What Is Endoscopic Cervical Foraminotomy?
Our endoscopic foraminotomy for the cervical spine is a same-day minimally invasive surgery that is used to relive pain caused by cervical spine degenerative diseases that involve spinal nerve compression.
Advantages of endoscopic cervical foraminotomy surgery include the following:
Same-day surgery with no hospitalization (outpatient procedure)
High success rates
Minimal to no blood loss
Preservation of spinal mobility
Minimal scar tissue formation
What Conditions Can Endoscopic Cervical Foraminotomy Surgery Treat?
Cervical spine degenerative disease with spinal nerve compression
Failed previous neck surgery
Cervical spinal nerves pinched by disc herniations and bone spurs
When Is Endoscopic Cervical Foraminotomy Recommended?
Persistent neck, shoulder, and arm pain, tingling, numbness, and muscle weakness in upper extremities
Positive signs of peripheral nerve compression affecting the upper extremities
Symptoms unresponsive to conservative treatments, such as anti-inflammatory medications, physical therapy, chiropractic adjustments, and spinal steroid injections for 8-12 weeks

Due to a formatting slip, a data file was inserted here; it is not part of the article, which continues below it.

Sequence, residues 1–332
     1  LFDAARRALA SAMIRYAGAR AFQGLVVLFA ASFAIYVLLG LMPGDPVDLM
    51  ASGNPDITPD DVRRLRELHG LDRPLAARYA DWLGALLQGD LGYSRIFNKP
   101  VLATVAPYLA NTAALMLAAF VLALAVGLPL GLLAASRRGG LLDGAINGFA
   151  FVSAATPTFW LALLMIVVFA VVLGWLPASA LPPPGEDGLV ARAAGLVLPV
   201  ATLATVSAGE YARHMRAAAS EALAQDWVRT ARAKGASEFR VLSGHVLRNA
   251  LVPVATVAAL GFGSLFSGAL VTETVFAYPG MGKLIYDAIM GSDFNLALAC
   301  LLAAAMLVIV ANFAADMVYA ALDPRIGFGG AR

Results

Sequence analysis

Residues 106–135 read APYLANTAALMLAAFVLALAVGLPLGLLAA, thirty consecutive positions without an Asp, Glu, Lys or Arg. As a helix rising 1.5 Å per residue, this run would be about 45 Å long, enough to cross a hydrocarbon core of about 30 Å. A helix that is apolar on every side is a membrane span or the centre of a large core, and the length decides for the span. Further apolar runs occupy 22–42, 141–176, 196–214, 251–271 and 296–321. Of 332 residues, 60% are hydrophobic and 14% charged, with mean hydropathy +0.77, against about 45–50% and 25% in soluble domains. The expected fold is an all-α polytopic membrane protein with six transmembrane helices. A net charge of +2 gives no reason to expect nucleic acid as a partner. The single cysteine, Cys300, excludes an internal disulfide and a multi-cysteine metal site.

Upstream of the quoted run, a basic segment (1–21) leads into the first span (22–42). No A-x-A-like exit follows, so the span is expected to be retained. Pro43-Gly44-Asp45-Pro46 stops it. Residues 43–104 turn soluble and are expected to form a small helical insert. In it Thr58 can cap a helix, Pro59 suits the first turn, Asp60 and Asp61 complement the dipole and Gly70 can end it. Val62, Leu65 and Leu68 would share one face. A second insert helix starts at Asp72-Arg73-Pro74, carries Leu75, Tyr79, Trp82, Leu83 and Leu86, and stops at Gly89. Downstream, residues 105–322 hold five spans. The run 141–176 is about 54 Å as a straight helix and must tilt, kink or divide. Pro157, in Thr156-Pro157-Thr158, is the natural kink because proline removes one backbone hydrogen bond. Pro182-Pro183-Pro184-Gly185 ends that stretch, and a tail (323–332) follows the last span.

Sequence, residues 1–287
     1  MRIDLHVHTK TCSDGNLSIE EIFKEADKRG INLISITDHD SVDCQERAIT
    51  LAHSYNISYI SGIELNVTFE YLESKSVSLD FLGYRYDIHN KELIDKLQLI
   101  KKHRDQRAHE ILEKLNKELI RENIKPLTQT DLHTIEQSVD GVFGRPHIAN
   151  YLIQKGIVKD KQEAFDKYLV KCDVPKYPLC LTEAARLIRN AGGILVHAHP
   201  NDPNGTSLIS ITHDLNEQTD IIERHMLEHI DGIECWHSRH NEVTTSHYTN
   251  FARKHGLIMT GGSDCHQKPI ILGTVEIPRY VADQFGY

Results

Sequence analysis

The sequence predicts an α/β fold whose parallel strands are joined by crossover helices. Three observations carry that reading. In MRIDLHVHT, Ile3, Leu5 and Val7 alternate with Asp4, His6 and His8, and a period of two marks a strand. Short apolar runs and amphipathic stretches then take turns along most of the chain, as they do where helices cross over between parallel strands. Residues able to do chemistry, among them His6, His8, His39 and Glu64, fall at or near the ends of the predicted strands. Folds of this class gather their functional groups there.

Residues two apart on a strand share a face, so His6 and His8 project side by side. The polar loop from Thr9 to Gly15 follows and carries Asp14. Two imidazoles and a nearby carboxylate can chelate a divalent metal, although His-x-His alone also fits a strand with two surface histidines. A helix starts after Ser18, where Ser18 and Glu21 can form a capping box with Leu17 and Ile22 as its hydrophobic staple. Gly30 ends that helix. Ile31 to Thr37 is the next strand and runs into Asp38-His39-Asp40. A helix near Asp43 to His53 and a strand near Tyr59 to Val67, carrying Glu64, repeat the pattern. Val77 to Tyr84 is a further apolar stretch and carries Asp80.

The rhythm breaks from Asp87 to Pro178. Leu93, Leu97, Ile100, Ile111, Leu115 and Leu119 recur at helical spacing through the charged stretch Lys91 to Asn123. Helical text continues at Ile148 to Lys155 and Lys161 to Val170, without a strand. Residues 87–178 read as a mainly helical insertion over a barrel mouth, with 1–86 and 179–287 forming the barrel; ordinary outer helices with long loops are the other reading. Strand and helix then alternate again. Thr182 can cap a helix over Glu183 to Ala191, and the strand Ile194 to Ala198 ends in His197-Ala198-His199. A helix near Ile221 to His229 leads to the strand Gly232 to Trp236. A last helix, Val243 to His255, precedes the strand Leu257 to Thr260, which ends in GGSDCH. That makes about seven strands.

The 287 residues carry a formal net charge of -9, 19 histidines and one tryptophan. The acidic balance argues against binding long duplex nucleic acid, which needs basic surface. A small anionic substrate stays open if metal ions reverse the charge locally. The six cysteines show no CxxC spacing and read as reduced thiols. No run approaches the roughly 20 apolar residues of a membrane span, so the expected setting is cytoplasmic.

Nerve diagnostic test positive for radiculopathy or nerve irritation
Selective nerve root blocks showing positive indication for pain relief
CT scans, discograms, and MRI showing cervical spinal nerve compression
How Is Endoscopic Cervical Foraminotomy Surgery Done?
During endoscopic cervical foraminotomy, the patient is put under with general anesthesia. A small metal tube of about4 mmin diameter is inserted into the cervical spine nerve canal through the disc under x-ray guidance. This tube serves as the passage for the surgical tools so that the muscles do not have to be torn or cut open, as what happens with open spine surgery. Then, a small piece of enlarged bone (ulcinate) is removed with a micro instrument to open the nerve canal. Disc herniation, bone spurs and scars in the spinal nerve canal are now removed for satisfactory nerve decompression. The degenerative disc may be treated with a laser, which vaporizes disc material, kills pain nerves inside the disc, and hardens the disc to prevent leakage of disc material to the surrounding nerves. Finally, the tube is removed and the incision is closed with a stitch or two.
Upon completion, the patient is encouraged to walk around and is free to leave the surgical center, with a companion, the same day. After a follow-up visit with the surgeon the next day, the patient can go home for a quick recovery.